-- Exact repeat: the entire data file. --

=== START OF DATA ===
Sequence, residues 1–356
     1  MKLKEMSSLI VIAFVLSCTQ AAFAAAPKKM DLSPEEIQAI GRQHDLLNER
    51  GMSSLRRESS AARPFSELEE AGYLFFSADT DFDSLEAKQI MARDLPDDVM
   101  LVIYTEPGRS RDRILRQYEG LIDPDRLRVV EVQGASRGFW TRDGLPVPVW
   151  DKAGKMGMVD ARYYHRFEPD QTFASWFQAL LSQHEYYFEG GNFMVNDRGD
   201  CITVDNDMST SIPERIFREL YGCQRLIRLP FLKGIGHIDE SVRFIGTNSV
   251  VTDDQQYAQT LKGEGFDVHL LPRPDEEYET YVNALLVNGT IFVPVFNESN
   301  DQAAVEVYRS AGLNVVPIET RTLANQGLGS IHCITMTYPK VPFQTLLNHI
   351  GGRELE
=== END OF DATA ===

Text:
Sequence, residues 1–356
     1  MKLKEMSSLI VIAFVLSCTQ AAFAAAPKKM DLSPEEIQAI GRQHDLLNER
    51  GMSSLRRESS AARPFSELEE AGYLFFSADT DFDSLEAKQI MARDLPDDVM
   101  LVIYTEPGRS RDRILRQYEG LIDPDRLRVV EVQGASRGFW TRDGLPVPVW
   151  DKAGKMGMVD ARYYHRFEPD QTFASWFQAL LSQHEYYFEG GNFMVNDRGD
   201  CITVDNDMST SIPERIFREL YGCQRLIRLP FLKGIGHIDE SVRFIGTNSV
   251  VTDDQQYAQT LKGEGFDVHL LPRPDEEYET YVNALLVNGT IFVPVFNESN
   301  DQAAVEVYRS AGLNVVPIET RTLANQGLGS IHCITMTYPK VPFQTLLNHI
   351  GGRELE